• ​Braun Strowman and Roman Reigns are magic together, and Brock Lesnar remains the most (or only?) must-see attraction on the WWE roster, but Samoa Joe firmly inserted himself into the conversation of top tier performers with his work in the ring at Sunday’s Great Balls of Fire and then again on Monday with his mic work on Raw. There are no main event plans for Joe at SummerSlam, so what new challenge will WWE present to him instead? Hopefully, Joe works a program with Finn Balor that leads directly to a payoff match at SummerSlam.

• In The Writer’s Corner: Lucha Underground head writer, Chris “DJ” DeJoseph, discussed a fascinating development on this week’s episode on El Rey Network, but first touched on the emergence of Dante Fox–best known as AR Fox on the indie scene–in the Temple:

“I could always tell, just from his performance in the ring and the faces he would make, that Fox had the capability to be a great performer in vignette form,” said DeJoseph. “Did I think he could pull it off? Yes, but he has been absolutely great in his performance. Fox and Killshot [Shane Strickland] were both invested in their story together; they were both hungry to go out and prove what they could do. To watch it unfold and see those two guys inspire each other to work harder to make each other better, that helped the performance from all sides.”

DeJoseph touched on this week’s episode, which first airs tonight and is also available on iTunes, and did so without dropping any spoilers:

“There are lots of great parts of tonight’s episode, including some really great wrestling, but I am most interested to see people’s reaction to the end of the show,” said DeJoseph. “It will definitely shock some people.”

• Cesaro’s performance in the 30-minute Iron Man tag team match this past Sunday at Great Balls of Fire served as a reminder of his place as one of the greatest tag team specialists of all-time. Cesaro has now starred in WWE as tag partners with Jack Swagger, Tyson Kidd, and Sheamus, and each team has been more successful than anticipated. Cesaro also teamed with Chris Hero as The Kings of Wrestling before entering WWE. His creativity, which included the opening sequence on Sunday as he slid through the ring and distracted Matt Hardy–which led to a Brogue Kick from Sheamus and a quick pinfall–is just another subtle part of Cesaro’s greatness. Hopefully, Cesaro will one day be able to receive company support for a meaningful singles run. Matches against Finn Balor, Samoa Joe, Brock Lesnar, and Braun Strowman would all be appointment viewing.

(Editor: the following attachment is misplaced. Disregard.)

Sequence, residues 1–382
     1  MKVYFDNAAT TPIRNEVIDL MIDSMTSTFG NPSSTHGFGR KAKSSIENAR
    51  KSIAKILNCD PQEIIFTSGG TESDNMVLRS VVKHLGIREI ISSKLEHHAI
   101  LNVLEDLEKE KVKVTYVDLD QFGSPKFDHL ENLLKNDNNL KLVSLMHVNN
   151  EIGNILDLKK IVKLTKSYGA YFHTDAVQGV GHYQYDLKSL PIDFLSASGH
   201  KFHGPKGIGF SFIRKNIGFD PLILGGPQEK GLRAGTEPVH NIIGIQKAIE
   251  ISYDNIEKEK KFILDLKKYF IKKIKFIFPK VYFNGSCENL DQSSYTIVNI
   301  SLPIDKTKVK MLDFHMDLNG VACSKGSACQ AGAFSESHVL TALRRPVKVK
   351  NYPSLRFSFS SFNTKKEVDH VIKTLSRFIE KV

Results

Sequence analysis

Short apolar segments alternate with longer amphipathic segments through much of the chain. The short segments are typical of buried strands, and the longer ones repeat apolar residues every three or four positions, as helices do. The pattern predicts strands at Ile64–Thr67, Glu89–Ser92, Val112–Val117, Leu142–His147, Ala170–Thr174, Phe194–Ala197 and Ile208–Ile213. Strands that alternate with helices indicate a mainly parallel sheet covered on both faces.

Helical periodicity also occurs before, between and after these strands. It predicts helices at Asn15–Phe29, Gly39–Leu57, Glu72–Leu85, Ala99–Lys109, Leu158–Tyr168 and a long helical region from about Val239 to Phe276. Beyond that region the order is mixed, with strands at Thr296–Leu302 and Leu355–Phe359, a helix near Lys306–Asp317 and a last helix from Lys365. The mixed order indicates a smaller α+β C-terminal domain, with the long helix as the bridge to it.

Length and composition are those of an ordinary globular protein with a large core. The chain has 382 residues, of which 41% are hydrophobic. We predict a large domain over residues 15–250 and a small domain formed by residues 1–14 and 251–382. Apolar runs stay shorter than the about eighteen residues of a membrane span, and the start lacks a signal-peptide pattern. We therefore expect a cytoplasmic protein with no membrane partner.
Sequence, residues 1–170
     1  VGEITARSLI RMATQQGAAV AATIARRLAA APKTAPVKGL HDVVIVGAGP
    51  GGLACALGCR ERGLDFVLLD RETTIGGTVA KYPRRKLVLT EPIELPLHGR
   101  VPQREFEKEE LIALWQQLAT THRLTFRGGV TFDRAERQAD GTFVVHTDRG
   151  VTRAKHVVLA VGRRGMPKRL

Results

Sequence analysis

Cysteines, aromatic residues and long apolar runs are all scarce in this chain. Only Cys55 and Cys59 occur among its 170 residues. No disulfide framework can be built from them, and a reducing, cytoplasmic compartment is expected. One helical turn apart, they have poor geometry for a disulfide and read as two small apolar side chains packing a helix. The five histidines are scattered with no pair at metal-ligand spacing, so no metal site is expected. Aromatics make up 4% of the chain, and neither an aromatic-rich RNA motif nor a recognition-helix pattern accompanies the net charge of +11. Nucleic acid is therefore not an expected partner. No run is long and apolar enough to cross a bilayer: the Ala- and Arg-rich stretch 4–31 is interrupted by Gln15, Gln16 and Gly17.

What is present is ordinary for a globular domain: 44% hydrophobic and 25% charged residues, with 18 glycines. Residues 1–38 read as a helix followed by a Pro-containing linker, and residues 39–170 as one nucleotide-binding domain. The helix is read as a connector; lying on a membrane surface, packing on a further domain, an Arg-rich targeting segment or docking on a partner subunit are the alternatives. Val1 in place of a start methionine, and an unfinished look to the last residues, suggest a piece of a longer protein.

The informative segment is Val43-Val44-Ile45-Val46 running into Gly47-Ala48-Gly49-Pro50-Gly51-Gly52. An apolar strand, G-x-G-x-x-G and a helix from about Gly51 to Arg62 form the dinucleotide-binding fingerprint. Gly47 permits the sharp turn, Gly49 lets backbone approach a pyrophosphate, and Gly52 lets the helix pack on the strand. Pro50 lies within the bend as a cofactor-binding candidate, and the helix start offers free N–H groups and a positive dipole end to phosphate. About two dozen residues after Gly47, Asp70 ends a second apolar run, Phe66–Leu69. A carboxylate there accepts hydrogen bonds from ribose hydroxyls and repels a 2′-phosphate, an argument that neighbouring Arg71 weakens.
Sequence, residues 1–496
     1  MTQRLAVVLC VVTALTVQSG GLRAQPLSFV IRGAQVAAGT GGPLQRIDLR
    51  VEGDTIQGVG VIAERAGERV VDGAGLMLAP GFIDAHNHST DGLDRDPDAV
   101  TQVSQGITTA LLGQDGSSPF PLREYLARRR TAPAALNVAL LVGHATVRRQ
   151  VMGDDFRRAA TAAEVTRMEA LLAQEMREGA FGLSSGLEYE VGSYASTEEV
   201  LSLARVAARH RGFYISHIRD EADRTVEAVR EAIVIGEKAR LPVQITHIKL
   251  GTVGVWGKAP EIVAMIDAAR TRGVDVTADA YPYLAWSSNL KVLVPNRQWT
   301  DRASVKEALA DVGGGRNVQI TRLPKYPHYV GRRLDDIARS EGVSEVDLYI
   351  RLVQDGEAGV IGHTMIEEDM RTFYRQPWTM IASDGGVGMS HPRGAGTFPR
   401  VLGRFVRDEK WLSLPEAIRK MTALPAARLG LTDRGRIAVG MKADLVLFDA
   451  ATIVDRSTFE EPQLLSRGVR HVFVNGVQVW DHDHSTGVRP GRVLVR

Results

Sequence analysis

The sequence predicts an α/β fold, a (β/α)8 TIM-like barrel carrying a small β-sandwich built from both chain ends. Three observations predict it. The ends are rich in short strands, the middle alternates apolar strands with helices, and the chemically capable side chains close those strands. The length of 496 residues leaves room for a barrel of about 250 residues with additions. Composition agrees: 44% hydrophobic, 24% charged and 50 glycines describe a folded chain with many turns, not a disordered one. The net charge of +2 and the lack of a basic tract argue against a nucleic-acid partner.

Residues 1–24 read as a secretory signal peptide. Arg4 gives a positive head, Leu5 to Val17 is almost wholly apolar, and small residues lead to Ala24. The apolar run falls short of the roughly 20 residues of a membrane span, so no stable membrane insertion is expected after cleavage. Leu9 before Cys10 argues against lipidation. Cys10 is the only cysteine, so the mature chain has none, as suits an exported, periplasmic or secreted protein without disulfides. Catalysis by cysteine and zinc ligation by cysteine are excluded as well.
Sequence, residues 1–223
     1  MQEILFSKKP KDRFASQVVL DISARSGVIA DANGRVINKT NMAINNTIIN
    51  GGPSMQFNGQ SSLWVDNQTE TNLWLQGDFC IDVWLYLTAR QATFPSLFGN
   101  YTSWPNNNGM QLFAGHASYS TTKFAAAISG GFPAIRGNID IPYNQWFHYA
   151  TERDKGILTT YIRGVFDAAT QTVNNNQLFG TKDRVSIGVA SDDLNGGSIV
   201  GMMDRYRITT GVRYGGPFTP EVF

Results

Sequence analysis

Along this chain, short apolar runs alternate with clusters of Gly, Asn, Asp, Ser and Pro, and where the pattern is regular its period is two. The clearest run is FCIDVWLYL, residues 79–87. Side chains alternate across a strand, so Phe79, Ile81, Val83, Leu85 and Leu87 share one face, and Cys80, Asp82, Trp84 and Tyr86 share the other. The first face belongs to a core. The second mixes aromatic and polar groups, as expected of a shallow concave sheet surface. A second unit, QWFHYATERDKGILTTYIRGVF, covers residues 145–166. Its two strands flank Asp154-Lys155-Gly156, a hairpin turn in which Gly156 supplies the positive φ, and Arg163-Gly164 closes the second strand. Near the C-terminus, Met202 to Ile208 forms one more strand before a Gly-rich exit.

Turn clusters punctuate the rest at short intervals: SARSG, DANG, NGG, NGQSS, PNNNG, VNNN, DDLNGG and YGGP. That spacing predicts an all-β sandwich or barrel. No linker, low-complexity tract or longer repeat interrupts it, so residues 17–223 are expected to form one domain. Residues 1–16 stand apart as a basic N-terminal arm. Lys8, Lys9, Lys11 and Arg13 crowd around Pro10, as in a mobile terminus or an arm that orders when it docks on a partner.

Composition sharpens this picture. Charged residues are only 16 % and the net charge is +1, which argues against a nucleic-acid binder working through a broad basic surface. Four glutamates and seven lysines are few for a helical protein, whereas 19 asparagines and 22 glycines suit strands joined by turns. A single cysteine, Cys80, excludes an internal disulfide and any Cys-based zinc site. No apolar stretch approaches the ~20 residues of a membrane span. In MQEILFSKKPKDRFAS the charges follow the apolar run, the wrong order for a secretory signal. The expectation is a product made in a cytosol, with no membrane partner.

• ​In his new advice column, Inside Al's Head, Al Snow touched on the delicate situation of separating the artist from the art pertaining to when pro wrestlers misbehave, break the law, or act in a way unbecoming of a public figure.

Courtesy of Al Snow

“The last thing you want to do as a performer, as a public figure, is ever be tried in the court of public opinion,” said Snow. “It doesn’t matter what you have done or what you have not done. Once it gets into the realm of public opinion, you’re damned whether you did or didn’t. You may even be proven innocent, but there will always be those who condemn you based on a judgment they passed based off the information they have from the court of public opinion.